While not necessarily a literary event, McSweeney's-produced Believer Magazine is holding a show here on Friday, June 4th, at the Empty Bottle featuring indie darlings The Mountain Goats and local favourite Archer Prewitt. $14 gets you in and a copy of the latest Believer -- a great deal. And you just never know, Dave Eggers being from Chicago himself, might just be "visiting" and milling in the crowd...
...But it's hardly at a rate worth worrying about. Thanks to the ever-shifting of land masses, apparently sped up by the melting of Canadian glaciers, Chicago is sinking at a rate of one millimeter a year. (Thanks, James)
The Chicago Quill is an independent, nonpartisan magazine of politics, culture and the arts, run by students at the University of Chicago.
Northwestern student Alison Baenen, charged with shoplifting after she ate 41 cents' worth of candy in a White Hen Pantry, has had her charges dismissed after she promised never to go into the store again. Says Baenen: "I'm just glad this is over."
If you're all geared up to see Jim Jarmusch's new film "Coffee and Cigarettes," but you've spent all your cash on...well...coffee and cigarettes, you can enter to win tickets from WBEZ. Seventy-five lucky folks will get passes (for you and a friend), but you have to enter before Tuesday, May 25. The film will be screened at the Landmark Century Cinema on May 27. Who can resist a film whose cast includes Steven Wright, Bill Murray, Iggy Pop, and the White Stripes?
Investigating nearly 50 sightings of a large animal in Lake County since February, wildlife experts have examined paw prints left behind by the animal and surmise that the animal is not a cougar, as has previously been thought, but instead a large dog. Bad dog! Sit! Stay!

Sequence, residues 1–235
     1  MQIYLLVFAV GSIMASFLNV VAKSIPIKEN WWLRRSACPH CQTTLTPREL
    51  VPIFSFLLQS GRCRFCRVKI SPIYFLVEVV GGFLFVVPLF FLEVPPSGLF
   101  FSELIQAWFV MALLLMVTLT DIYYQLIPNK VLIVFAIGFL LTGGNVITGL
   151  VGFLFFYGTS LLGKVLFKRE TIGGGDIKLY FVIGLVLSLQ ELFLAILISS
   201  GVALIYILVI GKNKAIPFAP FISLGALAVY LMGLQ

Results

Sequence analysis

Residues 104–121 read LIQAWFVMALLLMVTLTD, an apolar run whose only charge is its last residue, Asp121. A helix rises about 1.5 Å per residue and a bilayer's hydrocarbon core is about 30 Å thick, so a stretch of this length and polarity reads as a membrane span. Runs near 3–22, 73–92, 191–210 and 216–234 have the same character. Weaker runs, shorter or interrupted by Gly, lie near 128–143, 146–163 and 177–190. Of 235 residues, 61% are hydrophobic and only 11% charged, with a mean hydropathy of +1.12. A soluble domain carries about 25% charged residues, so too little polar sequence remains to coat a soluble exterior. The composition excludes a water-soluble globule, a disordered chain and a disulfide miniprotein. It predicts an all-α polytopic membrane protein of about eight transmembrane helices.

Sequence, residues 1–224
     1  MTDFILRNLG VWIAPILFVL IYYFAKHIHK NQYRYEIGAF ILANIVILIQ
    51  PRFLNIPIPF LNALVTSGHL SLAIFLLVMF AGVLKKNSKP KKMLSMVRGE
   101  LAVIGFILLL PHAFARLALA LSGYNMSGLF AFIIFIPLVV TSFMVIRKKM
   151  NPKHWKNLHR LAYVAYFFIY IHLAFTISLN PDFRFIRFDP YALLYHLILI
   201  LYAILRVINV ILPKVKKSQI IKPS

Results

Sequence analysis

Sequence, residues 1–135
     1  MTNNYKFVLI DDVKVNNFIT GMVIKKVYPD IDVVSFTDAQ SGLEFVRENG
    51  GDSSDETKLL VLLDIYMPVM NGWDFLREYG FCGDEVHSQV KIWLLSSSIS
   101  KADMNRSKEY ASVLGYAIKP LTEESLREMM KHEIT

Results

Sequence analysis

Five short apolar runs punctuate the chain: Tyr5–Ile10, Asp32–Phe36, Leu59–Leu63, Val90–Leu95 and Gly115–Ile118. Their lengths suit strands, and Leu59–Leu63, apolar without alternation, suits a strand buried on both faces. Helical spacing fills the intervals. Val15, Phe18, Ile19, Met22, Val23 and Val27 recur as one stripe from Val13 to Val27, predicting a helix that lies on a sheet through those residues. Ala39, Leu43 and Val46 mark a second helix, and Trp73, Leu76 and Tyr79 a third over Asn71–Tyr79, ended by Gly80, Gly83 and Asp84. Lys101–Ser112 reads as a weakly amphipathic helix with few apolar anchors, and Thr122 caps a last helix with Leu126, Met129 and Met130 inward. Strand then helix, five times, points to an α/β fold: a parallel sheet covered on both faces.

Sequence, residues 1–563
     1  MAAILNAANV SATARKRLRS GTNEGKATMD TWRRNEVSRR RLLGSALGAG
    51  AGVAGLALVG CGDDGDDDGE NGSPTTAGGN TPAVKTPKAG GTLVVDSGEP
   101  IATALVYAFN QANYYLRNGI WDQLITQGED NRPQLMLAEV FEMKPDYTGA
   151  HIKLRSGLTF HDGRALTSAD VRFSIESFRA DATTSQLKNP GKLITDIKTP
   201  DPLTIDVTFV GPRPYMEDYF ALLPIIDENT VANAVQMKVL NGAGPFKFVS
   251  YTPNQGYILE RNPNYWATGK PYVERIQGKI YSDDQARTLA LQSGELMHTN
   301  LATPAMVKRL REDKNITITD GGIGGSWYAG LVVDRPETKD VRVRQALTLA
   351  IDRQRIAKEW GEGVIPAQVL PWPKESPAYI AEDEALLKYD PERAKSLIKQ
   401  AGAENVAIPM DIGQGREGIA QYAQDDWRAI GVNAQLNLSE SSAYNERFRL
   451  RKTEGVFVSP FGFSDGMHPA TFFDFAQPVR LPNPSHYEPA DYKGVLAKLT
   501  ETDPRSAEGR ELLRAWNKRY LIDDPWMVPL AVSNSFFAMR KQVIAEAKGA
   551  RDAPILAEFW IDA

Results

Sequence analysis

Get ready: it's going to be a cicada summer. Not the usual swarms of singing insects, but the 17-year cicadas are starting to hatch. Plus, as some have found out, you can eat them (pdf). El Chirper Tacos anyone?
In case you're wondering, Entomophagy is the consumption of insects by humans. More info here: http://www.tastysoftware.com/ttraub/what_is_entomophagy.html
Get ready for phone problems: the Communications Workers of America have announced a four-day strike against SBC, starting at midnight Friday. That, of course, means Chicago will see even longer delays than normal for repairs and new service -- not to mention hours on hold waiting to talk to customer service. No comment so far on the local CWA chapter's website. (Thanks, Brenda)
Jazz, that enigmatic and complex music genre, has a Chicago organization. The Jazz Institute of Chicago presents all things jazz here in the windy city, from legendary veterans to the new crop of sizzling players. The site has a vast wealth of information as well as member benefits if you join them, such as insider info, early show warnings, free tickets to shows and discounts at local jazz-flavored record stores. Watch for the free Jazz City Series and the Chicago Edge Concert Series in What's Happening.
Dawn Mikulich of Chicago Uncommon is exhibiting selected photos of the city currently on exhibit at the J. Ira & Nikki Harris Family Hostel, 24 East Congress, as part of the city's Embrace Art program. [via Chicagoist. ]